Our company supports and maintains mainframe financial systems. In order to maintain a common set of source code, we use a concept of I/O routines that are passed function codes by calling programs (batch and CICS) to perform all type of I/O to the database. We currently support three databases, ADABASE, DB2 and VSAM.
One of our clients is insisting that we break up our DB2 I/O routines into smaller executables because the number of key columns has a direct effect on the number of cursors we have for reading prior and next. Some of the larger I/O routines exceed 200K in size.
Is there any benefit (CPU utilization, storage consumption, response time, etc.) to breaking these I/O routines into smaller chunks?
Well, you probably won't like my answer. I/O routines and "black boxes" are detrimental to DB2 performance. By funneling all requests to a centralized I/O routine performance suffers for any number of reasons. Some include:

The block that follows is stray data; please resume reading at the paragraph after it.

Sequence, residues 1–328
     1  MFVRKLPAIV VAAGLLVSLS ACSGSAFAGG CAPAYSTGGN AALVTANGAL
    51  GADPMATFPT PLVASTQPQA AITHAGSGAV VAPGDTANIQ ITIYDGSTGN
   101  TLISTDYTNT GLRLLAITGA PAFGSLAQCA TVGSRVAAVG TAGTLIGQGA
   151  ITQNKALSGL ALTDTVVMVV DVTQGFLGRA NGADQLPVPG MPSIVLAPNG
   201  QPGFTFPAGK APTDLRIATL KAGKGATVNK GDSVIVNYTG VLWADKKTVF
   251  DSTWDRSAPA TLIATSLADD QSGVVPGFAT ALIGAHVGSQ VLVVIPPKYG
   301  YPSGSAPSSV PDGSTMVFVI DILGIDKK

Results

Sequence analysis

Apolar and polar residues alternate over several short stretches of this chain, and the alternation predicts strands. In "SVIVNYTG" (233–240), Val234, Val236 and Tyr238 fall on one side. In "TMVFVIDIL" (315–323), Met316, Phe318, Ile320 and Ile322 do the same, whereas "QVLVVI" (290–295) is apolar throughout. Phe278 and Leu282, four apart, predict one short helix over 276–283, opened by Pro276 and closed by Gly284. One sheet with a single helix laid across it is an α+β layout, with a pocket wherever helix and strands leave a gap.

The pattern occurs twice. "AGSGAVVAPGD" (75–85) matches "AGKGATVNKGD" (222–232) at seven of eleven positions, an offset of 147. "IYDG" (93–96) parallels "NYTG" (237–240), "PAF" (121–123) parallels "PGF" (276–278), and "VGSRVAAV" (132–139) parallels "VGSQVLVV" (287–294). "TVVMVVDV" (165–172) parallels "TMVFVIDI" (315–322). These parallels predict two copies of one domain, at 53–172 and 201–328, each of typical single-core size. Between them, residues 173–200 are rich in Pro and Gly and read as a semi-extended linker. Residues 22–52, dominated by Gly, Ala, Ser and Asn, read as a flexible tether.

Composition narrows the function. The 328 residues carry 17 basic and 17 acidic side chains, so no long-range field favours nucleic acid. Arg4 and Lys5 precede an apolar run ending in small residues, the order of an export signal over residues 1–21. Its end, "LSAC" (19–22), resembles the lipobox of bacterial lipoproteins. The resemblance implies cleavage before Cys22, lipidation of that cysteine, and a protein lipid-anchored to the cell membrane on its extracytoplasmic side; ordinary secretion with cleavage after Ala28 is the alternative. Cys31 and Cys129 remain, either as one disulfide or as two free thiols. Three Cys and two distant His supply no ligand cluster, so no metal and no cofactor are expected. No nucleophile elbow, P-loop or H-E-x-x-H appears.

* Not using relational features like joins, table expressions, and subqueries
* Filtering data in the program instead of in SQL predicates
* Requiring additional instructions which increases CPU time
In general, putting as much work as possible into the SQL is the way to go for performance. So, your I/O routine may make it easier for you to support multiple DBMS products and file formats but at the expense of degraded performance.
Editor's note: Do you agree with this expert's response? If you have more to share, post it in one of our
Dig Deeper on IBM DB2 management
Our expert suggests that the best way to pass the SAP BW exam is to have hands-on job experience. But that's not all he has to say about ...
To export data from a DB2 table to a flat file, you need to run an export specifying the proper file format. The export utility exports data from a ...
Craig Mullins recommends two specific resources for learning how to create and support Binary Large Objects (BLOB) in DB2.
Have a question for an expert?
Please add a title for your question
Get answers from a TechTarget expert on whatever's puzzling you.